Not Afraid: One True Pairing's Journey Into The Future
"You can't expect to be overwhelmed by the response straight away when your record is implicating everyone."
Tom Fleming is ambivalent, to say the least, about what fans will make of his new, surprisingly confrontational record. It's less than two years since the split of Wild Beasts, which he co-fronted alongside Hayden Thorpe, so Fleming is justifiably keen to set this new solo project apart from the band – one of the most flamboyant and yet sincere acts in memory.
It's tempting to see Fleming as the sincere element. "I've just been doing a bunch of in-stores, driving myself around in a Fiesta", he reels off with a gruff candour that's maintained throughout our conversation.
So it's a scaled-down affair? “Definitely, although it’s also quite a while since Wild Beasts’ hot period."
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For Fleming, although the band "always kept up with the critics", they never became the "indie Gods" they might've been, and so financial necessity seems to drive this fast turnaround: "I just had to get this thing off the ground, basically!”
These unprompted admissions are the first things out of Fleming's mouth – that this release is both 'implicating' and pragmatic. It's comical – I think for both of us – that this new musical mission statement courts a new audience by giving them what Fleming calls an "angry record".
You'd be forgiven for not expecting this move from someone so affable. Over the webcam he volunteered to turn on – a rare concession for artist interviews – Fleming is warm and forthcoming, although his eyes rarely land on camera. He's so thoughtful in his reflections that his gaze bounces around the room as he muses through his own free-associating monologues, erudite but straightforward: “I’m just gonna say stuff that comes to me, if that’s okay”.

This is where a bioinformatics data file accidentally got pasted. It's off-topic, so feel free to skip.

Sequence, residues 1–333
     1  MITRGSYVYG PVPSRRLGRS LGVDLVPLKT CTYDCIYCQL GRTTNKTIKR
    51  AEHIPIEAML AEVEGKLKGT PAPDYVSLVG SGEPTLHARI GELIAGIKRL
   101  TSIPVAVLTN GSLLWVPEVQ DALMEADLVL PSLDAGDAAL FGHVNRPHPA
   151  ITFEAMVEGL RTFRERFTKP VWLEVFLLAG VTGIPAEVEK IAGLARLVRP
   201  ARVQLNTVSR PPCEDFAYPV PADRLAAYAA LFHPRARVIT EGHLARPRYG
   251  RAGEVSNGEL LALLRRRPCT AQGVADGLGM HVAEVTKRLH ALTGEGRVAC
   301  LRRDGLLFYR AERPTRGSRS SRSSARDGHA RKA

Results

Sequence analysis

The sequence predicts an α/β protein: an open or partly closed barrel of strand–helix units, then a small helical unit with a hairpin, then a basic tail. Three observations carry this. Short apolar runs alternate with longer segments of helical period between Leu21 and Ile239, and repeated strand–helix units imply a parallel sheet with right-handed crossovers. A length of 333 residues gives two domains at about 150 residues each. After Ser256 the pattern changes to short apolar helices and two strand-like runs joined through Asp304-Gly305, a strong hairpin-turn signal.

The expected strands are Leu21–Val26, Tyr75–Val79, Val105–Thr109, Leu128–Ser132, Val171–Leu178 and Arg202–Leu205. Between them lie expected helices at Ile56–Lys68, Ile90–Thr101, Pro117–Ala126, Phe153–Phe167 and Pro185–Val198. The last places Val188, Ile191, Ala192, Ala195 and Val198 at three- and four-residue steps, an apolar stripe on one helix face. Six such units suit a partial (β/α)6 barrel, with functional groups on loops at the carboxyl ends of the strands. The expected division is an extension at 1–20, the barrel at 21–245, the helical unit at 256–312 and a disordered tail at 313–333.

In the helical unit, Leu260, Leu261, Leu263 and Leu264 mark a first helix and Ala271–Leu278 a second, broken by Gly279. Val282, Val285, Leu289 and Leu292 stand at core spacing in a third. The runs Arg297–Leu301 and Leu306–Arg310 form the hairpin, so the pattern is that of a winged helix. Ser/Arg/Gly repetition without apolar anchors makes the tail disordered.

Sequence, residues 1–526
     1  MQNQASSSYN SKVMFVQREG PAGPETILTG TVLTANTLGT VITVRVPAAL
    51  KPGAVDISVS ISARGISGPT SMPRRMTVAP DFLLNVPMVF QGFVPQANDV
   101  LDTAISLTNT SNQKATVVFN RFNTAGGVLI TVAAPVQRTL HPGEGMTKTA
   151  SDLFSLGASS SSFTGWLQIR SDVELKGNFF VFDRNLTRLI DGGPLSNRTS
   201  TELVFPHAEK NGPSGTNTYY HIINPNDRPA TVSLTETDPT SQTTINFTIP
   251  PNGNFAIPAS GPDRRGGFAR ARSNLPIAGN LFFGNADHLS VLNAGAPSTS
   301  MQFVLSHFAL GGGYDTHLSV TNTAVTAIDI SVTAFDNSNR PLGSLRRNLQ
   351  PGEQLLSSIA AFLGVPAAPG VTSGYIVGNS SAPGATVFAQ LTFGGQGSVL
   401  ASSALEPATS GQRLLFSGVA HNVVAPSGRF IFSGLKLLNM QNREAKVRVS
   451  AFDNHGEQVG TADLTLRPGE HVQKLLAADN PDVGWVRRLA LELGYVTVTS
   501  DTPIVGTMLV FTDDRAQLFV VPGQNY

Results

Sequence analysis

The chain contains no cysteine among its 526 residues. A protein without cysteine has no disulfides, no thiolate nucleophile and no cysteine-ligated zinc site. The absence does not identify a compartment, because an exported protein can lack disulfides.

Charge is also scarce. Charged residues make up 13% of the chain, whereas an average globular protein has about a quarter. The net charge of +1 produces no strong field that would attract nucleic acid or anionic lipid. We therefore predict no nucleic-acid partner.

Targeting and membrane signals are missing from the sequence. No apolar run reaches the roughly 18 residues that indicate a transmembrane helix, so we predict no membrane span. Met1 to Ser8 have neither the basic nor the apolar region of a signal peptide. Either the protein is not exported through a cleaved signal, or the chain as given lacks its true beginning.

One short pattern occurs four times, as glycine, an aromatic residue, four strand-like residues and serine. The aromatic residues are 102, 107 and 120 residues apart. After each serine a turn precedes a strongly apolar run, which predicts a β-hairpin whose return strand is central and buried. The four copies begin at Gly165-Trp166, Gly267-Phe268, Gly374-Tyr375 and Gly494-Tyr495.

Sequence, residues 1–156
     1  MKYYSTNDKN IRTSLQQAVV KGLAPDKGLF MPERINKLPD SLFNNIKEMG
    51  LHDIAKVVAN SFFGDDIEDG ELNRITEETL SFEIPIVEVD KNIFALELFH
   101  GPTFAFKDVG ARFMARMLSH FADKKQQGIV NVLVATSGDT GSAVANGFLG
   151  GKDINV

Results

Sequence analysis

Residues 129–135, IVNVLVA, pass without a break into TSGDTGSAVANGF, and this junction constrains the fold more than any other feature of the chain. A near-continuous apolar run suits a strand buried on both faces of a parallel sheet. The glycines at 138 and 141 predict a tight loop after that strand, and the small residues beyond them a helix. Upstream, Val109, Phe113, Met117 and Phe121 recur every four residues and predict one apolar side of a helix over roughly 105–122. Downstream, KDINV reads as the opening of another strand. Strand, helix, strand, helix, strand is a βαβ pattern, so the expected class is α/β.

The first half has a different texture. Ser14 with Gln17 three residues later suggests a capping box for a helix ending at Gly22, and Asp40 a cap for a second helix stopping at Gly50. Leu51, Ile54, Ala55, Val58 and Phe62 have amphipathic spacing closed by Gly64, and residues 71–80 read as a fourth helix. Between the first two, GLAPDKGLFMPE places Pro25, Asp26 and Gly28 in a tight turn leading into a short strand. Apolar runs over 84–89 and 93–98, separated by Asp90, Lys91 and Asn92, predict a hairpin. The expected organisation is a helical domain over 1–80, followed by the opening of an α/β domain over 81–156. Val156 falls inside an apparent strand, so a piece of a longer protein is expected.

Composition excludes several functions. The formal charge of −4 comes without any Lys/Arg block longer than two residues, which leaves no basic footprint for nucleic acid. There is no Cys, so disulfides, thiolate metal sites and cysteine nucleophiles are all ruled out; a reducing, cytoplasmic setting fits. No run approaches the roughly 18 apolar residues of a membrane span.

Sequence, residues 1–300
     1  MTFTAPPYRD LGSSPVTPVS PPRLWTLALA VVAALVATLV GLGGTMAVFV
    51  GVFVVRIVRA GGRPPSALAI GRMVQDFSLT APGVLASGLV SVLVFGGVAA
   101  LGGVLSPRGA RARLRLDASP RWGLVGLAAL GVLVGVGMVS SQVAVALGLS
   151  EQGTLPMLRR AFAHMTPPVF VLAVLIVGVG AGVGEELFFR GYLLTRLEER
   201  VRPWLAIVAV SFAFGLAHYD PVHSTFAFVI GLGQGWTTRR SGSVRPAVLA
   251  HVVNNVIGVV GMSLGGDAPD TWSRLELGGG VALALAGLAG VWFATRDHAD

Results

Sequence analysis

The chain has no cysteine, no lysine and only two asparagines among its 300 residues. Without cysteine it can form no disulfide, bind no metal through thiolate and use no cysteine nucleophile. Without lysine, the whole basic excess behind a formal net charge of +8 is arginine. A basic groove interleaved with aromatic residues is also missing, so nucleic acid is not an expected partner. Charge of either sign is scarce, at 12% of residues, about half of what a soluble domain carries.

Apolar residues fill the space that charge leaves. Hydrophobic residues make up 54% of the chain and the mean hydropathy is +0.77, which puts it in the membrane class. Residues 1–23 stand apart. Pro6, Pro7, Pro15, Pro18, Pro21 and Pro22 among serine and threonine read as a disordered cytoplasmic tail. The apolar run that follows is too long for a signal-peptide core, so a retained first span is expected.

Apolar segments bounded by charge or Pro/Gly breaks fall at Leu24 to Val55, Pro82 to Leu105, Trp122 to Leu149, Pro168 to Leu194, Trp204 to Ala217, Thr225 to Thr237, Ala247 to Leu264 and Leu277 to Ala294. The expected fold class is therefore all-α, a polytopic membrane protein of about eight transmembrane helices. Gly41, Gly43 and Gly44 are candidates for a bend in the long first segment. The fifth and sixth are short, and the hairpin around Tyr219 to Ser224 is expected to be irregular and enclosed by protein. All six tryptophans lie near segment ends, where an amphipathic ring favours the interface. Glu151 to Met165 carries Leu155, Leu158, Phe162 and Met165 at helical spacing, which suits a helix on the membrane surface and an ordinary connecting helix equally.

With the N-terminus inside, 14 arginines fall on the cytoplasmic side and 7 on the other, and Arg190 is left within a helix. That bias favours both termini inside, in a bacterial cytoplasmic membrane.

The pace is also familiar from how the new record flits rapidly between romantic themes, gritty vignettes of violent masculinity, and abstracter laments for dark times returned. And that twist on expectations mirrors Fleming's new solo moniker and album title. 'One True Pairing' is a term from internet fanfic describing ideal romantic partnerships in fandoms – think Holmes and Watson, Harry and Hermione.
"That's partly as a reference to the romance of the record", Fleming admits – although even the album's most explicit love song (its title track) isn't straightforwardly so, imploring his lover that he's "not some kind of white knight".
"But I also thought it'd be funny to have that kind of internet- / electronic-based name, so you'd be expecting it to sound like K-pop or something, and then [first track] 'Zero Summer' comes in and it's just, like, ROCK!"
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As a bait-and-switch, it definitely surprises – particularly by the time second track 'I'm Not Afraid' kicks in. Its chugging momentum, crunchy guitars and anthemic chorus are defiantly non-millennial, and also a far cry from Wild Beasts. The project title sets Fleming apart – "I didn't want it to be just my name, you know. I mean, I wasn't even the frontman of Wild Beasts!" – and the track sets this in stone, particularly in its video.
There, gone is the effete peacocking of Beasts; instead Fleming bops away rowdily, eyes-to-camera, all-black in beanie and bomber jacket. Meanwhile, images flash across his body from classical sculpture, anatomical drawings and mushroom clouds.
I test some lofty theory about how it paints the small-town Northern lad tangled up in big history. "Nah, nothing as conceptual as that", Fleming insists. "I just wanted it to be really direct. I thought, well, I can dance, so I'll do a dancing video."
That directness is maybe the defining feature of One True Pairing's detour from the abstraction and literary pomp of Wild Beasts. “There’s definitely not much metaphor in the album", Fleming agrees. Plus, like 'I'm Not Afraid', much of the record recalls Springsteen and heartland rock, ejecting the sleek and slenderness of Beasts, and 'good taste' more generally. "I didn't want to make any of that coffee table, night bus shit," he adds.
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Instead, One True Pairing is straight-talking, point blank. "That’s the point of rock, it gets you going." To underline this departure, I flash him a copy of Loops, a 2009 collaboration between their label Domino and Faber & Faber, which includes a piece under his and Hayden Thorpe's names.